Business Income tax Taxation

Reduce your tax bill before 30 June 2020

Tax planning 2020

The end of the 2020 Financial Year is upon us!

Can you reduce tax payable for the 2020 financial year?

With just 20 days to go, there may be a few last minute actions you can take to assist with tax minimisation.

Please get in touch with us to discuss your tax planning, if you haven’t already done so.

Time is ticking, so call Brad or Rick on (02) 8814 5677

Firm News

What to do when your supply chain faces disruption

If your company relies on suppliers in various geographic locations, it’s likely that your business will face a supply chain disruption. Whether that disturbance is caused by a virus, like Covid-19, regulatory lock-down, international tensions, changes in local laws or a natural disaster, there will probably be scenarios in which your suppliers or transporters face obstacles that affect your company.

Here are some steps you can take to respond to such situations and even prepare ahead of time for them.

1. Know your supply chain

An important first step to any preventive or reactive plan is to know your supply chain. You and your team should know who and where in the world your suppliers are, where their suppliers are (if they have any), and any regional laws or international tensions that could affect your supply chain.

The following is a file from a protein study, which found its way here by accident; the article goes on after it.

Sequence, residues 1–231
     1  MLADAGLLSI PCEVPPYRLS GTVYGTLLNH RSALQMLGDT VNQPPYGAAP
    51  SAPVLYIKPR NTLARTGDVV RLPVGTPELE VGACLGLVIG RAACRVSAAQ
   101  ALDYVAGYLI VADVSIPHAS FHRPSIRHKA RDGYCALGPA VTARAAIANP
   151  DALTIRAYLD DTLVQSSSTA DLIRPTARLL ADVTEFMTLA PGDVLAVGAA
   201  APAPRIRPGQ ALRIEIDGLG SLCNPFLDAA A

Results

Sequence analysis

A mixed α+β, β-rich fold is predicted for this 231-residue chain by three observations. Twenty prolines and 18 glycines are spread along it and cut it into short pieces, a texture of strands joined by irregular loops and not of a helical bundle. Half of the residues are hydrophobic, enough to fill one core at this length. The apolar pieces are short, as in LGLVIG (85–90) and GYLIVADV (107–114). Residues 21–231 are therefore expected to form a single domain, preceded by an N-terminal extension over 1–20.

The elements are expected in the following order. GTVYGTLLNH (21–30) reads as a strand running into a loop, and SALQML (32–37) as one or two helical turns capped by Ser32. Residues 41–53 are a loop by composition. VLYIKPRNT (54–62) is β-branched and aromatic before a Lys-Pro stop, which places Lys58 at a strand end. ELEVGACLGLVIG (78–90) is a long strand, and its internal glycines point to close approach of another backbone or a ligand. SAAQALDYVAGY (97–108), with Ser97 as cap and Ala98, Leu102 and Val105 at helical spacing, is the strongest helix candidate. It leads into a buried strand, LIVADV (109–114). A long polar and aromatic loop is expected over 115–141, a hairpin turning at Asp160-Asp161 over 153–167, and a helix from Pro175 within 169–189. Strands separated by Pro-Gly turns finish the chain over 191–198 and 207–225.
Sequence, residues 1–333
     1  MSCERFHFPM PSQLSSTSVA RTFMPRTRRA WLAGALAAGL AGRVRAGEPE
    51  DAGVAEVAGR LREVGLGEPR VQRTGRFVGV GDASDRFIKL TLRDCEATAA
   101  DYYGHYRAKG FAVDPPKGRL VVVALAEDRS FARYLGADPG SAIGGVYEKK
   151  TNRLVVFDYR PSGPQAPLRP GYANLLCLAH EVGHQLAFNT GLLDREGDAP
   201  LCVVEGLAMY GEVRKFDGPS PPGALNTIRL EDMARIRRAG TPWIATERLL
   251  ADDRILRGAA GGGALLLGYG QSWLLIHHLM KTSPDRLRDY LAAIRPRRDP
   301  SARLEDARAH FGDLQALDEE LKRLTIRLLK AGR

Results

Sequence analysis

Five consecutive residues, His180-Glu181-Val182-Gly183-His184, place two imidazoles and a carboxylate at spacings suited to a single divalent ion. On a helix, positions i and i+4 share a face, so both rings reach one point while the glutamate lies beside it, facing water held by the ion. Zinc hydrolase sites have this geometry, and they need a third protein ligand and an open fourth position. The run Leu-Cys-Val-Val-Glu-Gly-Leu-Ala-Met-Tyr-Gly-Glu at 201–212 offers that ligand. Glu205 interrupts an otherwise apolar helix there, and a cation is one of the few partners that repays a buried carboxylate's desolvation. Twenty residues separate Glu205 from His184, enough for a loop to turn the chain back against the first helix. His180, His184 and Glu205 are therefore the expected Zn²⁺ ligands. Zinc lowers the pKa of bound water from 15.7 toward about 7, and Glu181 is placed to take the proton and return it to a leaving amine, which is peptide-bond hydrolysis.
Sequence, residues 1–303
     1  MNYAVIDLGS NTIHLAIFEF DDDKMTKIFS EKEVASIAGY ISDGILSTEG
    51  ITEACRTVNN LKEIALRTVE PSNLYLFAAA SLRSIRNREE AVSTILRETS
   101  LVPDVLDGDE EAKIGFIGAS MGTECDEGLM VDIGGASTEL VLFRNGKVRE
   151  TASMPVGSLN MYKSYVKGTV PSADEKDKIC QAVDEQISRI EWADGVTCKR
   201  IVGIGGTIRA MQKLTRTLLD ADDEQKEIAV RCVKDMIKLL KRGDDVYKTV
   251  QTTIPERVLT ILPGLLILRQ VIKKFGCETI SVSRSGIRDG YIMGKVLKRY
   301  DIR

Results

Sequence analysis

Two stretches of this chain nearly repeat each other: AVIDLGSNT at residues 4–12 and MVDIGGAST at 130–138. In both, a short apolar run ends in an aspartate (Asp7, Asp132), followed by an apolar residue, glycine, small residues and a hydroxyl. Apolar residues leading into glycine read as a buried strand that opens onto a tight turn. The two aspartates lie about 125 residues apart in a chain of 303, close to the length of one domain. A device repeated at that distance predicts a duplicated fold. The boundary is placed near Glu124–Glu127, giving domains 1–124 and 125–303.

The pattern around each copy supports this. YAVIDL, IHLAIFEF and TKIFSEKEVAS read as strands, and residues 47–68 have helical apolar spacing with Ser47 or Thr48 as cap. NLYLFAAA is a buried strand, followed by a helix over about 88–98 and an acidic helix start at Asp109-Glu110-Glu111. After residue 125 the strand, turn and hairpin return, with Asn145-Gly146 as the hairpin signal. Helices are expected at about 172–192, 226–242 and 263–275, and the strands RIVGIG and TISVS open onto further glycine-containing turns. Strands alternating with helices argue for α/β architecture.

Knowing how long transportation of goods takes can help you anticipate when your suppliers’ disruptions will affect you. For example, if you receive goods from China and manufacturing plants in that country have shut down, you might not be affected for a month or two. This gives you some time to review the situation and react based on your current inventory and your customers’ needs.

2. Reach out to your suppliers

Find out how the delays or issues affect your suppliers and how they plan to address the situation. If they don’t already have a plan in place—or if there isn’t anything they can do about the situation—you may need to take action on your own, such as finding new suppliers, sourcing new products, or planning new transport routes.

Reaching out to your suppliers can also help you more effectively manage any customers or clients waiting on goods from you. The more information you have, the better equipped you are to make decisions about your current status and how your business will operate through the disruption, or whether you need to slow down or shut down.

3. Plan ahead

Have contingency plans in place and set parameters for when the contingencies will be activated. If the disruption is likely to slow down delivery of goods but not stop it, place necessary orders ahead of time—even a month or two in advance of when you normally would.

If there is a chance your suppliers can’t get you the items you need, determine if another source can be found, even a temporary one.

Even if you aren’t currently affected by a supply chain disruption, knowing the alternatives available to you, how quickly they can respond and their cost provides you with a level of protection in the case of a risk to your supply chain.